Complications with Bertha have greatly slowed the building of the new Highway 99 tunnel.

Joni Balter: And then there is concern about affordable housing. With some of the fastest rising rents in the nation, many people are being priced out. For that, the mayor has created yet another task force.

Ed Murray: And we are going to identify the number of units we have to build, not just for single individuals but units for families that we have to build in this city that will allow this to be a city, you know, if you work here you can also afford to live here, whether that’s rent or buy.

Joni Balter: Murray remains optimistic that pretty much every urban problem can be solved. While Congress and state legislatures may be stymied, Murray thinks cities not only can innovate, but have to.

Ed Murray: What we’re doing on the minimum wage, what we’re doing on Pre-K, what we’re doing on transit, just to name a few, our hope is those go to scale, in this state and across the country.

Joni Balter: Some detractors would say Murray is merely benefitting from good timing.

Jon Talton: Most of the forces that are causing this economy to boom are happening way above Ed Murray’s pay grade. Now he can take credit for it as mayor and he has done very little to harm it, which is good for a politician.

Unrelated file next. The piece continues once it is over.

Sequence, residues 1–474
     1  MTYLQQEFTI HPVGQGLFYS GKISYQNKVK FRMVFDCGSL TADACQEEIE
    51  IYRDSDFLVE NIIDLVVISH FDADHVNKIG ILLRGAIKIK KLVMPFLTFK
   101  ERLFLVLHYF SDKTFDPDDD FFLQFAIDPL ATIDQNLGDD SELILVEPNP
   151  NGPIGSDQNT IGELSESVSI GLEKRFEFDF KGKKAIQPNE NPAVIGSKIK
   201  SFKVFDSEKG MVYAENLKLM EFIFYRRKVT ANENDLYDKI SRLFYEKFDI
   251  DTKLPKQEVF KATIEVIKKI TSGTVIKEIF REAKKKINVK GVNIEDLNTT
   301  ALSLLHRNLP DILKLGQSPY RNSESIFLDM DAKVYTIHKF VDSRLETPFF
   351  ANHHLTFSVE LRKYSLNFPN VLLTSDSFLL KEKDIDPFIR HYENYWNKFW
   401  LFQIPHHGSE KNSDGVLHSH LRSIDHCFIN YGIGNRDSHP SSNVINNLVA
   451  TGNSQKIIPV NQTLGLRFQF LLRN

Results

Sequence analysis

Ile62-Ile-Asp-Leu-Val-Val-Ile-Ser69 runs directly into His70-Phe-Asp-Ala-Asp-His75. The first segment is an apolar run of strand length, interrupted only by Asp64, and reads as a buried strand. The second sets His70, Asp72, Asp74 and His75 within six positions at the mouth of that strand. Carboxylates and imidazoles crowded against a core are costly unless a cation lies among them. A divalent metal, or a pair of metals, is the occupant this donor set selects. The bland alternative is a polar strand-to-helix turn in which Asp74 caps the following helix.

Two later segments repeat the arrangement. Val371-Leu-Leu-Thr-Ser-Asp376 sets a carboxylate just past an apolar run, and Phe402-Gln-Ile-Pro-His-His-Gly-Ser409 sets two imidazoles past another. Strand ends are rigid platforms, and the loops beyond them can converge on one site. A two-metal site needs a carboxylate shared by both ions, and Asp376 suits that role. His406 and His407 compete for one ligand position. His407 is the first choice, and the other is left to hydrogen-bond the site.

Joni Balter: Whether he deserves some credit for Seattle's boom or not, Murray clearly sees it as an opportunity he intends to make work.

Ed Murray: We are in an incredible situation compared to many cities in this country that are still dying, that are still economically challenged. I think it is an incredible opportunity to create the Seattle of tomorrow and still have those same values.

The iconic Space Needle stands along a group of Seattle's unofficial birds—the tower cranes.



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As a Seattle native I am saddened to see the affects of the "boom" in our economy.
There is an affordable housing crisis and middle class families are forced out.
Many have left due to this and the lack of rent control. Lack of infrastructure makes it some of the worst traffic in the country. Crowded parks, beaches, and hiking. Thanks Ed Murray, you may have helped big business, but at the cost of the average Seattleite.